Starbucks plans for a gourmet push as coffee nuts lift profits
Starbucks, the world's biggest coffee-shop chain, saw shares rise last week after sales topped estimates, fuelled by an expanded menu and its increasingly popular mobile-phone app.
Starbucks first came to Ireland in 2005, opening in the Dundrum Town Centre. It later opened on Dublin's College Green, and has expanded slowly since in Ireland, through brothers Column and Ciaran Butler's franchise group Entertainment Enterprises.
The brothers initially ran 10 Starbucks outlets in Ireland before taking control of another 17, which had been run directly by the US company in 2012.
Revenue at the US group soared 18pc to $4.56bn in the second quarter of 2015, the Seattle-based company said last week. Analysts had estimated $4.53bn on average, according to data compiled by Bloomberg. The company also gave an optimistic view for the rest of the year. The quarter was "definitely above expectations," said one analyst at Telsey Advisory Group.
"Consumers are buying more expensive beverages, and they're also purchasing more food."
Starbucks CEO Howard Schultz has focused on expanding the company's digital services, including mobile ordering, which allows diners to transmit their requests before visiting a store.
Starbucks also is going to test delivery in Seattle and in their outlet at New York's Empire State Building - letting customers get their coffees sent right to their offices.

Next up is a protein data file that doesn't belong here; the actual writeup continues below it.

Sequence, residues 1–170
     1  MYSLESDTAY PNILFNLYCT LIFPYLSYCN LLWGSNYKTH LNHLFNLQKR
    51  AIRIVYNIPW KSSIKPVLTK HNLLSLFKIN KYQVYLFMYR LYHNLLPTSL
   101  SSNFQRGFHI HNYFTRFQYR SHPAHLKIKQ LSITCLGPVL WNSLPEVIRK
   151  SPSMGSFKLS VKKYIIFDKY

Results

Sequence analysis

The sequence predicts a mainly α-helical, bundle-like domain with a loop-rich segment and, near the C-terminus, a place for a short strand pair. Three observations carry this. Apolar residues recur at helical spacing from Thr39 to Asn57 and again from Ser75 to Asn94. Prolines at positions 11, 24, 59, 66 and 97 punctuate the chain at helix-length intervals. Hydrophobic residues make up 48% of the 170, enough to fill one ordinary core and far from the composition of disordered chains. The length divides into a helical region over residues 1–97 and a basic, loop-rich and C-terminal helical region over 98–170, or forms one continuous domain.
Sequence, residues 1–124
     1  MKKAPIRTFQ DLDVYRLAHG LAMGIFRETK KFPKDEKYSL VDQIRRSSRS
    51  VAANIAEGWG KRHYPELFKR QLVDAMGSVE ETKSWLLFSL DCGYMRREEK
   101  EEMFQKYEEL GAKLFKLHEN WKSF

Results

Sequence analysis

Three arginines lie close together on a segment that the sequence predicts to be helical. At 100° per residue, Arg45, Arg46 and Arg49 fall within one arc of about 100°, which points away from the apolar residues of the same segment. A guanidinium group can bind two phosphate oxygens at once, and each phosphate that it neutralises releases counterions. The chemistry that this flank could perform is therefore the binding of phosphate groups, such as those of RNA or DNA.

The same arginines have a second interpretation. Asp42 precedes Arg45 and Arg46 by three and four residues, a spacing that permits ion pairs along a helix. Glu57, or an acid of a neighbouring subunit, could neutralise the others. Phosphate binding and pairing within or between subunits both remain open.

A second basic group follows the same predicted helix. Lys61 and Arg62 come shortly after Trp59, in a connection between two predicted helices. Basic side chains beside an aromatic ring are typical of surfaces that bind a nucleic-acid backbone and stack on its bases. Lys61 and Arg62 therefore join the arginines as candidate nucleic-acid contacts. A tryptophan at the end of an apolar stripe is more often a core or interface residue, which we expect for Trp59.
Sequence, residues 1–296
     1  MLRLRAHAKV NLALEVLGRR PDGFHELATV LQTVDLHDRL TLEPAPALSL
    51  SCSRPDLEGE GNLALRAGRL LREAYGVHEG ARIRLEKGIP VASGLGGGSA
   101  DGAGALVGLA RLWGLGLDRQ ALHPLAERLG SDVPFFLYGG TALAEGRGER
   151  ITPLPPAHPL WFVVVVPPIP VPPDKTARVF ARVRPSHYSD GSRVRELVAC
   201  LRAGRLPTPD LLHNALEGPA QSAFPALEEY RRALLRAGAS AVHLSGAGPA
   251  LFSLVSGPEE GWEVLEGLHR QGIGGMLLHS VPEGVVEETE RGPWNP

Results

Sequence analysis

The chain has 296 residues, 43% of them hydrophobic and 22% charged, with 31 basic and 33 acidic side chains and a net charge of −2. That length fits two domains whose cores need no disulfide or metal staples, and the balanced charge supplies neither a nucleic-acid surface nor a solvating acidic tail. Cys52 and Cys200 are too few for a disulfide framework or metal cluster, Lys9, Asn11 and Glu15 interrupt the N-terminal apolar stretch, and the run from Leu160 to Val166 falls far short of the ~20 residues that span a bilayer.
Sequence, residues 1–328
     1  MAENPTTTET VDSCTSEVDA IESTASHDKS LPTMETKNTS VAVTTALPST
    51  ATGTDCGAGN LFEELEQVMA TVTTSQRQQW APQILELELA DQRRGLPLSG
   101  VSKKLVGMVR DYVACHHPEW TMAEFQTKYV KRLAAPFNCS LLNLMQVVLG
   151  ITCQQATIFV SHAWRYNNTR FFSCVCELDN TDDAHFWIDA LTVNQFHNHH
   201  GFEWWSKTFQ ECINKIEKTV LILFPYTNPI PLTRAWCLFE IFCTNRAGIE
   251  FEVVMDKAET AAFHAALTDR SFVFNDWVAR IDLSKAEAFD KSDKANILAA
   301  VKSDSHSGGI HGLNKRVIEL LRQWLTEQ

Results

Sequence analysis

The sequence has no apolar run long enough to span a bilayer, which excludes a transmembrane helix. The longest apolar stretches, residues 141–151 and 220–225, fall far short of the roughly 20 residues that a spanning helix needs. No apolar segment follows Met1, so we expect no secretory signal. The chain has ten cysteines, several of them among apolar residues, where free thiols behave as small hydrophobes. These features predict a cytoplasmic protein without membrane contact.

"Innovation is the force that will continue to drive our business and enable us to expand and increase revenues and profits," Schultz said in the statement. Starbucks shares were up 20pc this year, outpacing the 2.6pc rise of the Standard & Poor's 500 Index.
Starbucks reiterated its full-year forecast for 16pc to 18pc revenue growth, saying investments in stores and its workforce would fuel its expansion. Its Q3 earnings will be 40c to 41c a share, excluding some items. Analysts had predicted 40c.
US sales were helped by the company's food business, which attracts more customers outside of the morning hours.
Starbucks is trying to double its food revenue to more than $4bn in the next five years, the company said in December. Breakfast rolls, flat white drinks and Teavana teas all helped drive second-quarter sales, said group chief financial officer Scott Maw.
The Starbucks mobile-phone app accounted for 19pc of total US payments in the quarter, up from 16pc in the previous period, he said. The company also is seeing "very strong early results" from its new mobile-ordering service.
Starbucks also plans to open new coffee bars that tout a premium 'Reserve' line, which is prepared in small batches. Starbucks will open 500 of the bars worldwide, highlighting premium coffees and the newest brewing methods, Schultz said on a conference call.
Globally, sales at established stores (that is, which have been open for at least 13 months) rose 7pc in the quarter which ended on March 29. Analysts had estimated 5pc on average. The sales also climbed 7pc in the company's Americas region.
Excluding some items, earnings amounted to 33c, matching analysts' estimates. The company reiterated its plan to open 1,650 new cafes, net of closures, this fiscal year. That includes 850 locations in the China and Asia Pacific region, where the chain has been ramping up growth. Starbucks recently opened pour-over coffee bars in China and is trying to sell more food there.
In January, Starbucks named former Juniper Networks boss Kevin R Johnson as their new chief operating officer - underscoring the role technology now plays at the coffee chain.
Sunday Indo Business